The whole point of the bond market is to enable the government to expand its operations beyond what would be possible by collecting taxes today. Politicians are able to get more money to expand operations today, because they promise to repay lenders a specific rate of interest. But, of course, this does not promise that the government will not repay with debased money.

The specific risk of government defaulting on debt while you own it changes over time.

The risk of government defaulting on debt is constant throughout time and is always guaranteed.

It’s worth reading the whole thing.

Gary North Pulverizes IRA-based Retirement Investing

Austrian school economic commentator Gary North has written an outstanding take-down of some of the political and financial risks inherent in government-approved IRA retirement savings vehicles. It’s creatively written from the point of view of a CPA counseling his client on why he should use an IRA for tax-reduction retirement planning. But, it’s written sarcastically and shows the naivety of this advice, so it could be a little confusing to read as you have to realize the opposite of what the fictional CPA is saying is what Gary North believes.

I list the major points against investing via an IRA for tax-reduction purposes made by Gary North below:

  1. Free money from Congress
    1. Congress is not looking for ways to save US citizens from their tax burden; historically, they have worked to expand it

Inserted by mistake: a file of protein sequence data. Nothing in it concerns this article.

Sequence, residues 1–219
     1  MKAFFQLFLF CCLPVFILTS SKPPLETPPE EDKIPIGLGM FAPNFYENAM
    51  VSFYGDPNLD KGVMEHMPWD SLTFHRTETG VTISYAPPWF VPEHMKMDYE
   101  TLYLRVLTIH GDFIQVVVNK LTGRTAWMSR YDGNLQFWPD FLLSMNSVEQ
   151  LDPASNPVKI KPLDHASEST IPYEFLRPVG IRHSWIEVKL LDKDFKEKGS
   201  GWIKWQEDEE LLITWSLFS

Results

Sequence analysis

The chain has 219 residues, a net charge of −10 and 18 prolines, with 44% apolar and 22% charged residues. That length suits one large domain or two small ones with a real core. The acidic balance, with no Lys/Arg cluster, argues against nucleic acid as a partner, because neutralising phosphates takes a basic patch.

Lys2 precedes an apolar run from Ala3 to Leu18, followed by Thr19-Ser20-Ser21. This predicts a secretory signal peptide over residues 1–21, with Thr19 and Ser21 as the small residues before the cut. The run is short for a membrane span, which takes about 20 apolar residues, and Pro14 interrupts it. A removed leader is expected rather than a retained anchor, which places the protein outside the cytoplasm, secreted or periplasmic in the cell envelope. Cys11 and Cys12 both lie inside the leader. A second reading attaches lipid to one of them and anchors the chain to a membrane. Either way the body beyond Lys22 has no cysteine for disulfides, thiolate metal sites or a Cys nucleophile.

2. There is no incentive for Congress to not change the rules and force you to pay taxes to withdraw your money from your IRA, eventually
    3. The record of Congress is one of repeated duplicitousness, lies and rules-changes, none of which have ever benefitted the average investor
  2. Emotionally locked in
    1. Most people are emotionally locked in to non-Roth IRA plans because they fear paying taxes now and would prefer to push that inevitability into the future
    2. It is unlikely their tax terms will improve with time; Congress raises taxes and fees over time
    3. People have emotionally committed themselves to higher future tax burdens to avoid confronting the reality of their tax burden right now
  3. Price inflation
    1. Investors must contend with constant price inflation caused by the Federal Reserve
    2. Even at 2% inflation per annum, prices double every 35 years
    3. If you begin investing at 30, prices will have doubled by the time you retire at 65; your IRA will have lost half its value
    4. Traditional IRA investment choices, such as major stock market index funds, have yielded negative net returns for the last 12 years
    5. It’s unlikely the average investor can shield himself from inflation within the investment choices available in an IRA
  4. Privacy
    1. Information on IRA holdings must be sent to the IRS every year
    2. Congress and the IRS know exactly what you hold in your IRA
    3. You have no privacy and no secrecy of your investments via an IRA
    4. Congress and the government do not set a good precedent in this regard, as they insist on transparency from investors but lie, cheat and distort the truth on their own behalf